The main thing to fear in Australia's housing market is fear itself

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  • Australian capital city home prices have fallen for eight consecutive months. Recent housing market indicators point to the likelihood of further declines to come.
  • Macquarie Bank believes this housing downturn will be both modest and orderly in nature, suggesting prices may fall a bit further in the years ahead.
  • It says the biggest risk to its view is not from bank lending but a drop in buyer demand.

Australian capital city home prices have fallen for eight consecutive months, led by declines in Sydney and Melbourne, Australia’s largest and most expensive housing markets.

Auction clearance rates continue to hit multi-year lows, foreign demand has weakened and housing credit growth, particularly to investors, has also slowed sharply, pointing to the likelihood that prices will continue to fall for some time yet.

After years of strong Sydney and Melbourne-centric price growth, Australia’s housing market has been turned on its head in the space of just 12 months.

No longer are Sydney and Melbourne the outperformers, they’re the national laggards.

Given 60% of Australia’s housing wealth is located in just these two cities, it’s little wonder why some people are getting nervous, especially given some analysts are warning that lending standards, already more stringent than what they once were, could get even tighter as a result of Australia’s Banking Royal Commission, leading to a potential “credit crunch”.

However, while some commentators believe the recent price declines could get even larger, and faster, Ric Deverell and Justin Fabo, Economists at Macquarie Bank, aren’t all that concerned.

Indeed, despite all the gloomy headlines and statistics that have been resented in recent months, they note the recent market downturn has not been that large at all.

“Price growth has since slowed but to-date the correction has been minor, with national dwelling prices falling just 1% since peaking in mid-2017,” they said in a note released today.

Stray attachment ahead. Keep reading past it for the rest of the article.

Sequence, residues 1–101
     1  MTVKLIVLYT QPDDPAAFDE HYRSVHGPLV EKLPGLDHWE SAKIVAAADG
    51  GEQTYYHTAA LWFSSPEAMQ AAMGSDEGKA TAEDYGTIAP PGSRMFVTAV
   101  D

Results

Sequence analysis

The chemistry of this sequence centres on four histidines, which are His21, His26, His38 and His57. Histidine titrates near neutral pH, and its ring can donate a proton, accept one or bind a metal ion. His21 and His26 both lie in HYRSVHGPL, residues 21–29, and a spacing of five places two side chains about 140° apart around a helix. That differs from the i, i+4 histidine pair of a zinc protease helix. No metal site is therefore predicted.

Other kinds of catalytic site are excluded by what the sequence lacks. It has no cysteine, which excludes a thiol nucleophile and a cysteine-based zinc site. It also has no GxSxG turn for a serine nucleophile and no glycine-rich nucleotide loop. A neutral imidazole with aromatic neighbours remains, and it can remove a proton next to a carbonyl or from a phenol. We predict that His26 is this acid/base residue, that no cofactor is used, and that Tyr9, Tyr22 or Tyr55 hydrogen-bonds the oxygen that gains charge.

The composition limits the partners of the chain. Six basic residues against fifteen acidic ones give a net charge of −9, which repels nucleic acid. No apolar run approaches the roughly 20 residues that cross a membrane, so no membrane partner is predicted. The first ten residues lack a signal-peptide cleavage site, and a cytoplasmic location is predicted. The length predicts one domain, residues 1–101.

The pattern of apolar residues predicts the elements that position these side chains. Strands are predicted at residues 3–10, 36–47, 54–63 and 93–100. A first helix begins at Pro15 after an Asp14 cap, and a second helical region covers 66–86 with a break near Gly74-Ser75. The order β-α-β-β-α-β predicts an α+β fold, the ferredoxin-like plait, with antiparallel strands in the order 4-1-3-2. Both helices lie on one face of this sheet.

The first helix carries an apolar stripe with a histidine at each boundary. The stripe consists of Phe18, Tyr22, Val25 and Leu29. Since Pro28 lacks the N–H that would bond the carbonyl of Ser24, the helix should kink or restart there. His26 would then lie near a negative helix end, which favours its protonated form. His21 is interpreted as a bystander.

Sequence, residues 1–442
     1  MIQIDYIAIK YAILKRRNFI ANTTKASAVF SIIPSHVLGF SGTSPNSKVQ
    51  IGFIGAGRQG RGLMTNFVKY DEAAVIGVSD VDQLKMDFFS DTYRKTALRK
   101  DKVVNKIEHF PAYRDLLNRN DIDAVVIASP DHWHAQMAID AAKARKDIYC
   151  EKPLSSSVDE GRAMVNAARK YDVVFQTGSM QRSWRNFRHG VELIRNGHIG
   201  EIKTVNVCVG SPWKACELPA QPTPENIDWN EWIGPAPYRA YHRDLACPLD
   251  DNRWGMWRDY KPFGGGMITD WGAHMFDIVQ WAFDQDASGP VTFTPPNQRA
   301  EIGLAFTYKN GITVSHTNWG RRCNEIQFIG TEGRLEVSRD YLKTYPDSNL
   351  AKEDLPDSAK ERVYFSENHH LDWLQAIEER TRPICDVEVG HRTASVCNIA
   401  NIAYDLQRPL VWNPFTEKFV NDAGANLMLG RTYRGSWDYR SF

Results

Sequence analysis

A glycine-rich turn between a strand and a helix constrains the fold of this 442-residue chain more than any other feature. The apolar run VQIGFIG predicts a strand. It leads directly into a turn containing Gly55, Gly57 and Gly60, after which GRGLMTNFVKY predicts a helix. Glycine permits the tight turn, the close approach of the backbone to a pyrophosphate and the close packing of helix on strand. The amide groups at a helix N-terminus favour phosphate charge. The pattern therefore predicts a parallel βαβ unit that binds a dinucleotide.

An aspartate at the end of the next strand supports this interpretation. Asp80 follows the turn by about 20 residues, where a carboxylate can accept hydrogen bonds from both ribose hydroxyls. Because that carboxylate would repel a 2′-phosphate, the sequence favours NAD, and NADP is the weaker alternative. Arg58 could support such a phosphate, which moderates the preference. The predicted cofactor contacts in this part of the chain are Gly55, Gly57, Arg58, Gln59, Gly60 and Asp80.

“Despite almost daily negative headlines in the mainstream media, the rate of adjustment has also been relatively orderly.

“Nationwide dwelling prices are currently falling at a 2.5-3% annualised rate, and Sydney housing prices have been falling for four quarters at a broadly stable 4% annualised pace.”

Deverell and Fabo also make the point that while Sydney home prices have fallen 4.5% from their peak, they are still up 66% since 2012.

Macquarie Bank

But, of course, what if this is only the beginning of a major price downturn?

Will it be a case of the bigger the rise, the harder the fall?

While no one can say how it will all play out, Deverell and Fabo dismiss the notion that banks will cut off credit to borrowers, leading to a possible credit-led housing crunch.

“Some have suggested that the Banking Royal Commission could result in a ‘credit crunch’, with an associated acceleration in housing price declines,” they say.

“While nothing can be ruled out, particularly if prospective homebuyers come to expect large price falls, the evidence to date suggests that the maximum impact of credit tightening was in the period 2015 to 2017, with the changes being implemented this year so far more modest in nature.

“We don’t see strong incentives for banks to noticeably restrict housing credit against a relatively positive macro backdrop and given that a large share of their profits — and balance sheets — rely on housing lending.”